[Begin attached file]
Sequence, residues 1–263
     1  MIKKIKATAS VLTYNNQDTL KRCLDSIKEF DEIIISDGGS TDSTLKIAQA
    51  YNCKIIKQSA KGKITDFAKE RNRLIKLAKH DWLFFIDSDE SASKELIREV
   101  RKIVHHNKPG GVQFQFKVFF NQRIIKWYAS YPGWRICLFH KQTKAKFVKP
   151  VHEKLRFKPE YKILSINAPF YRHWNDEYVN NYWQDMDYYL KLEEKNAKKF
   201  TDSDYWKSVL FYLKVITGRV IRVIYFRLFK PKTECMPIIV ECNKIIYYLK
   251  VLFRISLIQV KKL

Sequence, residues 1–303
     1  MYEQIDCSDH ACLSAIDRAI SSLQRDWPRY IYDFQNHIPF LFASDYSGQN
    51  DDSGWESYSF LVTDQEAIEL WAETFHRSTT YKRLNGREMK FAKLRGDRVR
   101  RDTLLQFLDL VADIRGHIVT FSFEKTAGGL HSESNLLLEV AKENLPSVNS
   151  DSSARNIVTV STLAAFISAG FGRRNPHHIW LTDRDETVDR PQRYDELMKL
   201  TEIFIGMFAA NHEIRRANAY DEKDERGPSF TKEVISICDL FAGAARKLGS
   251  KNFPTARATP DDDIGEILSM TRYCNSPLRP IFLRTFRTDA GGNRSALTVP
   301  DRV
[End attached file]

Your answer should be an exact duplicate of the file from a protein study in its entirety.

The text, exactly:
Sequence, residues 1–263
     1  MIKKIKATAS VLTYNNQDTL KRCLDSIKEF DEIIISDGGS TDSTLKIAQA
    51  YNCKIIKQSA KGKITDFAKE RNRLIKLAKH DWLFFIDSDE SASKELIREV
   101  RKIVHHNKPG GVQFQFKVFF NQRIIKWYAS YPGWRICLFH KQTKAKFVKP
   151  VHEKLRFKPE YKILSINAPF YRHWNDEYVN NYWQDMDYYL KLEEKNAKKF
   201  TDSDYWKSVL FYLKVITGRV IRVIYFRLFK PKTECMPIIV ECNKIIYYLK
   251  VLFRISLIQV KKL

Sequence, residues 1–303
     1  MYEQIDCSDH ACLSAIDRAI SSLQRDWPRY IYDFQNHIPF LFASDYSGQN
    51  DDSGWESYSF LVTDQEAIEL WAETFHRSTT YKRLNGREMK FAKLRGDRVR
   101  RDTLLQFLDL VADIRGHIVT FSFEKTAGGL HSESNLLLEV AKENLPSVNS
   151  DSSARNIVTV STLAAFISAG FGRRNPHHIW LTDRDETVDR PQRYDELMKL
   201  TEIFIGMFAA NHEIRRANAY DEKDERGPSF TKEVISICDL FAGAARKLGS
   251  KNFPTARATP DDDIGEILSM TRYCNSPLRP IFLRTFRTDA GGNRSALTVP
   301  DRV